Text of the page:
Especially the design as a service contract has the advantage that it has already been tried and tested. It corresponds to what we know from the private transactions of daily life, be it the purchase of bread from the baker, the conclusion of an insurance policy or the appointment of a tax consultant. A mutual, mutually agreed contract is always the basis. It regulates which product or service should be delivered at what conditions and at what price. This also applies if the contract - as with the baker - came about only through implicit action. The buyer knows that his contractor has an economic interest; He does not have to pretend to be motivated either by the common good or the salvation of mankind. Disputes can be referred to independent courts or arbitration boards. No seller would get away with unilaterally changing the content of the contract ("From now on, you pay twice, but receive an additional service that you did not order") or settle a dispute solely through your own institutions.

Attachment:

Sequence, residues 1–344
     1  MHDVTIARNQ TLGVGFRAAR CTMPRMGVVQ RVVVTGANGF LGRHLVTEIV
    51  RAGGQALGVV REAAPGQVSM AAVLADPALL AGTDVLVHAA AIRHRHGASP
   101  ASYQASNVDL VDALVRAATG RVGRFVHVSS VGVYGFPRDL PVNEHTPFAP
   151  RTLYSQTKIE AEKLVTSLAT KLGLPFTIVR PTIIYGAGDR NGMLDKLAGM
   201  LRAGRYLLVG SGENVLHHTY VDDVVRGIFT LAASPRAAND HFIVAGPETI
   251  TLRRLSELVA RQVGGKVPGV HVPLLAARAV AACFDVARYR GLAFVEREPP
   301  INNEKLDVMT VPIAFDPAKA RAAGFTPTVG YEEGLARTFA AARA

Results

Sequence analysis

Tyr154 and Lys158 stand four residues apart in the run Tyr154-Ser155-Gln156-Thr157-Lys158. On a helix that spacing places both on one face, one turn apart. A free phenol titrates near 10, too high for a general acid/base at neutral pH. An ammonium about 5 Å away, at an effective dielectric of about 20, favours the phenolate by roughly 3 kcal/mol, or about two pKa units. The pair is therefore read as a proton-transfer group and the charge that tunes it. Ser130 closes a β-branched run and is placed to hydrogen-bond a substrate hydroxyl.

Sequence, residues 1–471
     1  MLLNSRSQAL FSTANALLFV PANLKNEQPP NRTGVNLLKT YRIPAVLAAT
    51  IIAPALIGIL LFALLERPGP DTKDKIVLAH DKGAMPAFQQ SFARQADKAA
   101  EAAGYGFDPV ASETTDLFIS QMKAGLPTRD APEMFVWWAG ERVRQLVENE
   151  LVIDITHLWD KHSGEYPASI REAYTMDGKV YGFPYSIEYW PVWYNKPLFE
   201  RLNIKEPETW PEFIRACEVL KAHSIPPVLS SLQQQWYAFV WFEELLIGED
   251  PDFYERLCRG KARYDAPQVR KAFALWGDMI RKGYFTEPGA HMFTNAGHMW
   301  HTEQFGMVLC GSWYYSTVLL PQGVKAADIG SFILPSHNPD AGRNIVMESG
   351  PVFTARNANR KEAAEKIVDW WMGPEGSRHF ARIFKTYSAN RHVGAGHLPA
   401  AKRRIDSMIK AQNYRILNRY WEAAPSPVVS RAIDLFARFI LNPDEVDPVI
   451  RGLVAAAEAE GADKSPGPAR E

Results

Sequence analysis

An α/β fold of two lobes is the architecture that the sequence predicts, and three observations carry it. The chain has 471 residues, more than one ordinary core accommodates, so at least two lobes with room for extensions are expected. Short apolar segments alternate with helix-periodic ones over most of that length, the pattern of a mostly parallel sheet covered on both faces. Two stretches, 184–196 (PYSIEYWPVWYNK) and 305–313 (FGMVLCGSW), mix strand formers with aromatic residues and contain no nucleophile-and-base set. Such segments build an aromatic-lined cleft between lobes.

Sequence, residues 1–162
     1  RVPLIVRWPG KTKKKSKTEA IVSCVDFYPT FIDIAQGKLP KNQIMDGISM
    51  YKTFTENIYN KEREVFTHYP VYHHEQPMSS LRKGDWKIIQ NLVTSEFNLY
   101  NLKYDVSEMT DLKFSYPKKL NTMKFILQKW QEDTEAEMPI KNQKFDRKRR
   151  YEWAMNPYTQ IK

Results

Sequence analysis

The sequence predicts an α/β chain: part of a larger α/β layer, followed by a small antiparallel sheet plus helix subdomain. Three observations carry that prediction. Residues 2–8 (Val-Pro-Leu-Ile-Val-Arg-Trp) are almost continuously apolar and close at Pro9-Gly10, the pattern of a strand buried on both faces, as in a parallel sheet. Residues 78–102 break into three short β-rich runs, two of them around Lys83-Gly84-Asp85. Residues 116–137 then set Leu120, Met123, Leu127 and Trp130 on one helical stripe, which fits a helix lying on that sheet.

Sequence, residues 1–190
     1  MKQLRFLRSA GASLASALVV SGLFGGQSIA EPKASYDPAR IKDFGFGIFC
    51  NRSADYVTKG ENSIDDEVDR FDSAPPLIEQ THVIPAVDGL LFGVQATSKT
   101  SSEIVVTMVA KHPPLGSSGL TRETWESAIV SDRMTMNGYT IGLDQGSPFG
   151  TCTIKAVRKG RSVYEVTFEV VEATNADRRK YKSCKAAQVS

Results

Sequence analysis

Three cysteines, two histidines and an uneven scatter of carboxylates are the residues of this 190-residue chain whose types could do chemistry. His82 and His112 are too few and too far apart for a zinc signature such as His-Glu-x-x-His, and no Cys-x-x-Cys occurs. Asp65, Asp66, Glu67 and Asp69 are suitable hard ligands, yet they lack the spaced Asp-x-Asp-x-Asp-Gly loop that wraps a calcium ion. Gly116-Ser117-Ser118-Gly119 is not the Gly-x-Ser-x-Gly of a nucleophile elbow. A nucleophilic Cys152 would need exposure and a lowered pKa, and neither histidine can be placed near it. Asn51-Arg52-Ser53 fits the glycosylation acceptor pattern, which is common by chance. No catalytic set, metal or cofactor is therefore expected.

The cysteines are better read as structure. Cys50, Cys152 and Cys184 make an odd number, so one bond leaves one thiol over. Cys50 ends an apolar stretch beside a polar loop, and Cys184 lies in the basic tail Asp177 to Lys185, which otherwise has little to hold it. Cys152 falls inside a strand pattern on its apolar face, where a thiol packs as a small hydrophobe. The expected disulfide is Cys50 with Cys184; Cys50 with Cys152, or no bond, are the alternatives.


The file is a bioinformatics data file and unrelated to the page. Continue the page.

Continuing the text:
In a Free Private City, everyone is the Sovereign of Himself, by voluntary agreement, has
concluded a genuine contract with a more or less ordinary service provider, the Citizens' Contract. Both parties have the same formal rights and are therefore legally equal. The relationship between authority and subject is replaced by the relationship between customer and service provider. In contrast to traditional systems where the citizen is required to pay taxes without being entitled to benefits, there is a direct link to free private city service and consideration. Both contractual partners are entitled to fulfillment of the contract, d. H. The operator may request the payment of the fixed contribution from the contractor, but no additional fees. In turn, the contractor may require the operator to comply with his contractual obligations, for example by ensuring security and a functioning civil law system. Anyone who currently heads the operating company or who owns it is not relevant to the functioning of the model.